Certified Public Accountant (CPA)

As the most common certification for fraud examiners, it requires significant training. This essential certificate provides the skills and knowledge to analyze a company’s financial situation.

To obtain your CPA certification, you must fulfill certain educational requirements. You need an undergraduate degree in accounting from an accredited institution. You also need one year of work experience under a certified accountant.

Once you meet these criteria, you can apply for your CPA license by taking the American Institute of Certified Public Accountants (AICPA) test.

Accredited Business Valuation (ABV) Certification

This certificate helps when you want to advance your career in forensic accounting. To earn an ABV, you must first have your CPA. Then you must complete additional coursework to become an expert on business valuation and pass another exam.

The Certified Fraud Examiner or CFE designation

Fraud examiners and investigators find the CFE useful. The certificate offers prestige from being associated with the Association of Certified Fraud Examiners. To obtain this award, one must go through extensive background checks, attend courses on anti-fraud measures, and pass an exam.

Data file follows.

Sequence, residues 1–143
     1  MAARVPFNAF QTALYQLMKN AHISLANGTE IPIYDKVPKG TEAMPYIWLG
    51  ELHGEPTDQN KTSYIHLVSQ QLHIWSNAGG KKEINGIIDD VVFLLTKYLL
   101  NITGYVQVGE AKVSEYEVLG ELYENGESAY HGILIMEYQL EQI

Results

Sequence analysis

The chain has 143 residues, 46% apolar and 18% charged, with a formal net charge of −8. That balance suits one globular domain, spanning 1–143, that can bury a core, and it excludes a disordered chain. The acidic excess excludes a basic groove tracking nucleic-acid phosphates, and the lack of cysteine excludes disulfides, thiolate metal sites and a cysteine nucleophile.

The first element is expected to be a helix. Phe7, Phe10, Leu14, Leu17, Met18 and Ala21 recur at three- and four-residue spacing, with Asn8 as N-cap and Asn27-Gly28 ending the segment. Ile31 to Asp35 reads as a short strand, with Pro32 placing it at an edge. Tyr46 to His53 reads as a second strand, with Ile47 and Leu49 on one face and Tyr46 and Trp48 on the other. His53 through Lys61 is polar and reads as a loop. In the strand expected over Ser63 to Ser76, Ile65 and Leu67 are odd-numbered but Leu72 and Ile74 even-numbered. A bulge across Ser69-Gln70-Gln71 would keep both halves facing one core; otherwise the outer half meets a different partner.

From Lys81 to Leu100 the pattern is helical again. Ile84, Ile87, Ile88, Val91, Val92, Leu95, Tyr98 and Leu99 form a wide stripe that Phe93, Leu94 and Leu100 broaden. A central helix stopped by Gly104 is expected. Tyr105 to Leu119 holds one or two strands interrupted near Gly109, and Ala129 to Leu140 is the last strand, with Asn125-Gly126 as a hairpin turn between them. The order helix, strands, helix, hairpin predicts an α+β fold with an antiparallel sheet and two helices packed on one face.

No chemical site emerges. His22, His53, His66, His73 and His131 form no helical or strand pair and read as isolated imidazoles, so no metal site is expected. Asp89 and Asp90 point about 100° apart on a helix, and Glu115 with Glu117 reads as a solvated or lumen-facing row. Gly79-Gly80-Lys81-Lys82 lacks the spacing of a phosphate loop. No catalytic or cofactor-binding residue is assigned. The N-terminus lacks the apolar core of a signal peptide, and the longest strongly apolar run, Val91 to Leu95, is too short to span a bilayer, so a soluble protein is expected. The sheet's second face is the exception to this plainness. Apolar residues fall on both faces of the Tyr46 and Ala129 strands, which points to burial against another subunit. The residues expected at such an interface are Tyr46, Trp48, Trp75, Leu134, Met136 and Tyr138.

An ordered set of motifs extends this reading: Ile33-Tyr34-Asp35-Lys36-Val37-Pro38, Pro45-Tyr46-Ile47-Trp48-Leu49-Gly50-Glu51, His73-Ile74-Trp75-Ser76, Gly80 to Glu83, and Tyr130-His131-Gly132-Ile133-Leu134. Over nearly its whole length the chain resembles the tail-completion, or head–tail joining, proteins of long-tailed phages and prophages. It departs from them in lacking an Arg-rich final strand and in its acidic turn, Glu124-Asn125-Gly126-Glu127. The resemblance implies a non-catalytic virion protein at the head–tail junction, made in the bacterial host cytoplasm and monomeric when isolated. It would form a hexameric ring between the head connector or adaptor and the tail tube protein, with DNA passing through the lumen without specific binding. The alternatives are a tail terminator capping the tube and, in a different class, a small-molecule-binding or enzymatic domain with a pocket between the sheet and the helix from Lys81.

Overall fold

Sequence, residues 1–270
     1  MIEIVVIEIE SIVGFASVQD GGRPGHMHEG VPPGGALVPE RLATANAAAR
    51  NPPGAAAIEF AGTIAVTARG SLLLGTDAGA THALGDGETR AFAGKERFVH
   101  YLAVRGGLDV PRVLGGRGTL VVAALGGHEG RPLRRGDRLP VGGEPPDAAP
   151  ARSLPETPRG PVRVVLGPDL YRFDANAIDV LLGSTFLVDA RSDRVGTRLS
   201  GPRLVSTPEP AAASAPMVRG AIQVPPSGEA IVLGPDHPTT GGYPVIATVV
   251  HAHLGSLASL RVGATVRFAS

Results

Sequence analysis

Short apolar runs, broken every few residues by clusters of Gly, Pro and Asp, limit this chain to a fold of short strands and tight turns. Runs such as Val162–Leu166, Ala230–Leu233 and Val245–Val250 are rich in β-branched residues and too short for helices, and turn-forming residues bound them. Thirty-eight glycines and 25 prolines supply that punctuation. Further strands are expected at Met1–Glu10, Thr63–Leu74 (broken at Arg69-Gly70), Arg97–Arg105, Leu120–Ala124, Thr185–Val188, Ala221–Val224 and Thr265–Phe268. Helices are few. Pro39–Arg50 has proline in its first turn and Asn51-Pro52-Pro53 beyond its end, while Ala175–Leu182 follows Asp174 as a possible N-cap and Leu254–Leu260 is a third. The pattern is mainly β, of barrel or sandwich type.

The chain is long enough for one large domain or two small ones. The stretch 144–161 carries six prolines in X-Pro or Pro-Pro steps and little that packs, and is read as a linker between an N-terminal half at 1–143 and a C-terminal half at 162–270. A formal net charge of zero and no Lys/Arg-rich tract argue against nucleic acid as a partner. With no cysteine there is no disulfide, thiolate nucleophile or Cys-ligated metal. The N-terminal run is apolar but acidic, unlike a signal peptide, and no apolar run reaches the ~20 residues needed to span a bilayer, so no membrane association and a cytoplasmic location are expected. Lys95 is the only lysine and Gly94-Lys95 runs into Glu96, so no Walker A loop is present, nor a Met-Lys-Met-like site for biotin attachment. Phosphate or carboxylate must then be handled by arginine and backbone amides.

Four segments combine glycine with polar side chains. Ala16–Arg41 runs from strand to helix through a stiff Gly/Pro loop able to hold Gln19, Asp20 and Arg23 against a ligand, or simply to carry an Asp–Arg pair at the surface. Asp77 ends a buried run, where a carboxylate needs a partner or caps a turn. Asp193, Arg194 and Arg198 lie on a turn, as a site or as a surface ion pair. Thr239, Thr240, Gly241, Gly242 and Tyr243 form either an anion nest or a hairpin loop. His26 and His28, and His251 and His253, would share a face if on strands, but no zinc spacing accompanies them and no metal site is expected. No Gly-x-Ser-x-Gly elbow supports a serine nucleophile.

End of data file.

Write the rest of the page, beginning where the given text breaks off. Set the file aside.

Certified Information Systems Auditor (CISA)

This certification can be beneficial for anyone in accounting, particularly fraud examiners. It allows an accountant to become certified as a specialist in information systems auditing.

Certified Financial Analyst (CFA) Designation

The CFA proves valuable for those who want to become fraud examiners. The certificate comes after passing a rigorous three-part exam and meeting other requirements. These include having at least four years of professional work experience in the investment industry.

What it’s Like Being a Fraud Examiner

Being a fraud examiner can be interesting, exciting, and rewarding. It can also be frustrating, challenging, and even dangerous at times. But what is it like to work in this field?

Fraud examiners investigate financial crimes. This may include conducting audits, reviewing documents, and interviewing suspects. They often work with law enforcement to help track down criminals and recover stolen funds.

Fraud examiners specialize in detecting and preventing fraud. They typically work for banks, insurance companies, or other businesses susceptible to fraud schemes. They identify red flags and investigate suspicious activity.

Roles of a Fraud Examiner

These professionals work towards finding fraudulent activity in the financial realm. Fraud examiners take many steps in this quest. Below we explain some of these steps:

Compiling Financial Evidence

A fraud examiner compiles financial evidence to support or refute a fraud charge. They work with accountants, auditors, and investigators to identify fraudulent activities and track the movement of money.

Fraud examiners often testify as expert witnesses in court proceedings. Their findings can help determine the guilt or innocence of defendants in a criminal case. They can also assist in civil litigation.

Developing Computer Applications to Manage Data

Fraud examiners use computer applications to manage collected information. They develop custom software or use existing programs to help them analyze data, identify patterns, and track down criminals. Businesses and individuals rely on the work of fraud examiners to protect them from crime.